“They have negotiated with the European Commission that they will basically leave the European energy market mechanism for 12 months because the interconnection does not allow them to receive a lot of renewable electricity from the north. By building on this, and building on their own renewable electricity capacity, the Spanish government expects that they will be able to reduce the cost of the bills by 30-40 percent.

“The governments that are front runners here really understand the opportunities around renewable energy and renewable electricity.”

After signing the agreement with the European Commission, Spanish Energy Minister Teresa Ribera said: “It is important to have a tool that reduces our exposure to the turbulence and volatility of the electricity market and the price of gas at this moment.”

Ms Adib noted that under the European mechanism, “the reality is that for a unit of energy you buy, you will pay the highest market price.”

Given that renewable energy generation is a lot cheaper than fossil fuels, she noted that the Iberian countries “now have the possibility to define their market mechanism where basically for fossil fuel they will pay one price, and for renewable-based electricity, they will pay another price.

“It’s more reflective of the generation of cost. As a result they expect the price to reduce by 30-40 percent, and they are doing this by integrating into the energy markets and into their electricity prices, their cost of generation.”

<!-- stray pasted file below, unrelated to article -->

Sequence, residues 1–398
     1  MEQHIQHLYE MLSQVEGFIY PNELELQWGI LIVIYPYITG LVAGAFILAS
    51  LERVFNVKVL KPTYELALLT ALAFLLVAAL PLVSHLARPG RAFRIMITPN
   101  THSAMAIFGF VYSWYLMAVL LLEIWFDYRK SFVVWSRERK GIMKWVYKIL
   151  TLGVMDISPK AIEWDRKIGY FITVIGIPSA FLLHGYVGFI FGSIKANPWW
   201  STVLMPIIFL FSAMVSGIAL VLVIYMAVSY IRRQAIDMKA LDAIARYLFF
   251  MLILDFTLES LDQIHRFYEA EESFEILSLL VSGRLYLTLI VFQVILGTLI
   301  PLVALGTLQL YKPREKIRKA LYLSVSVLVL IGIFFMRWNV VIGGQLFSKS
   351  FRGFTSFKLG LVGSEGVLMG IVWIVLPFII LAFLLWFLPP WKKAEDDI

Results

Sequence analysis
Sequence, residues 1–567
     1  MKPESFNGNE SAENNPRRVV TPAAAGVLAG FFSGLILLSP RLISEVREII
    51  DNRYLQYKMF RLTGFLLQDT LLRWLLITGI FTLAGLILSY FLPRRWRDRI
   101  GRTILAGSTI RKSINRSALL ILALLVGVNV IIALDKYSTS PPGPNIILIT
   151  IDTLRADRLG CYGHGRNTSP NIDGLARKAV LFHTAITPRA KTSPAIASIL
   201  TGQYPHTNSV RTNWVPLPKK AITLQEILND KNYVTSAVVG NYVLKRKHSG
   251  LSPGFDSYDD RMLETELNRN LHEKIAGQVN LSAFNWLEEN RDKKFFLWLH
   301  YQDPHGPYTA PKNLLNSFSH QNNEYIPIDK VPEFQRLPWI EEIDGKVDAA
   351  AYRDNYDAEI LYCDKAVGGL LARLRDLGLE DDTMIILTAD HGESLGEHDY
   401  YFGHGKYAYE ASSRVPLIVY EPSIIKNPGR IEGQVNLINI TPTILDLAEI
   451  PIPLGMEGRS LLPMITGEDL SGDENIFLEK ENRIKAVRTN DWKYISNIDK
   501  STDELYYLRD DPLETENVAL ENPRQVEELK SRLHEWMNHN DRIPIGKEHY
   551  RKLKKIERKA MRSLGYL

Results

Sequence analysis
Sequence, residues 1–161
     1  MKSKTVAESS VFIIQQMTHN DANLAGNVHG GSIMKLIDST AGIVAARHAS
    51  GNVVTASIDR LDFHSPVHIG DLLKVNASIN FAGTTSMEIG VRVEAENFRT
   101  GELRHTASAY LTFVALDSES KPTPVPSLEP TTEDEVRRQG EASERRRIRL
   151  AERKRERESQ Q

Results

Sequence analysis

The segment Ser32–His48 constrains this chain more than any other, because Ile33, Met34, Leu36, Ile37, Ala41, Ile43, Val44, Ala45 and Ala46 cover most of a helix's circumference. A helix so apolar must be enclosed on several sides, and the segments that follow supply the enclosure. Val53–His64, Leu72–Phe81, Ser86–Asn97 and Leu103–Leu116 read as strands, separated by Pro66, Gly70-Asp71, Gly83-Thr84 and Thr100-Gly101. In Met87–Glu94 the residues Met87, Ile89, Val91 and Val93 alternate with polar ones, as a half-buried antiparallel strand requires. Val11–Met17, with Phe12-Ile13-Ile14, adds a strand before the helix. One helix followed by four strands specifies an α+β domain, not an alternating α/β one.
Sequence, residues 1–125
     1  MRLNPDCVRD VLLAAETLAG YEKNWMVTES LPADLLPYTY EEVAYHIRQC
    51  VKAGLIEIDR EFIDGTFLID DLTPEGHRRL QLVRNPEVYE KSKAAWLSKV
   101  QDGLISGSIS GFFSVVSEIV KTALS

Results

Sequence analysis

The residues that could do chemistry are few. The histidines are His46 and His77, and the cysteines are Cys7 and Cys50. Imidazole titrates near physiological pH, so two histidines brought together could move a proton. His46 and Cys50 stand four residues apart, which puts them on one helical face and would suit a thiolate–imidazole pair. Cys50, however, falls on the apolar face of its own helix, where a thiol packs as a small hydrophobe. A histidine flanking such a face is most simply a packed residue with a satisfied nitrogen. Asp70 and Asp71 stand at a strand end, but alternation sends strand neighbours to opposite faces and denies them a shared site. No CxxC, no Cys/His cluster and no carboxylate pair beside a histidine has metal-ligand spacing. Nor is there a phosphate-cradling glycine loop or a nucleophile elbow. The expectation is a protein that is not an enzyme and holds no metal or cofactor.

Pakistan aims to sign a long-term liquefied natural gas purchase deal in a bid to secure future supply and ease crippling blackouts.

The South Asian nation intends to float a tender to purchase one LNG cargo per month for 10 to 15 years, said Shahid Khaqan Abbasi who is overseeing the energy sector for Prime Minister Shehbaz Sharif.

The government is still deciding the timeline for when to issue the tender, which they will use to gauge the market response and pricing, Abbasi said in an interview.

Sharif’s government will also speak with LNG suppliers in the Middle East, including Qatar, the UAE, Saudi Arabia and Oman, for a long-term contract, according to Abbasi.

Pakistan last week said it’s not ruling out a potential gas supply agreement with Russia.

Pakistan depends on overseas LNG for power generation, and was hit particularly hard by the surge in spot prices and supply disruptions. The cash-strapped government resorted to planned blackouts to conserve its dwindling supply of fuel.

Asian LNG spot prices are trading at a seasonal high after Russia’s invasion of Ukraine exacerbated an already tight market.

Pakistan was forced to purchase several expensive LNG shipments from the spot market to keep the lights on last month.

Long-term deals are much cheaper than current spot rates, and may provide some relief for Pakistan’s government.

Abbasi, who is a former prime minister and energy minister, signed several long-term LNG supply deals with Qatar, Eni SpA and Gunvor Group in 2016 and 2017.

However, Eni and Gunvor have canceled several scheduled cargoes to Pakistan in the last year, exacerbating the nation’s energy shortage and fueling political instability.

The suppliers backed out by paying a 30 percent penalty on the cost of the shipment, which is envisaged in the contracts if they cannot deliver.

The government will keep the 30 percent clause in future deals, said Abbasi, who explained that it is standard in contracts.

Pakistan is also open to signing a 30-year contract to make sure it has enough fuel to power its economy well into the future, said Abbasi.

Today, the industry’s longest deals rarely top 20 years.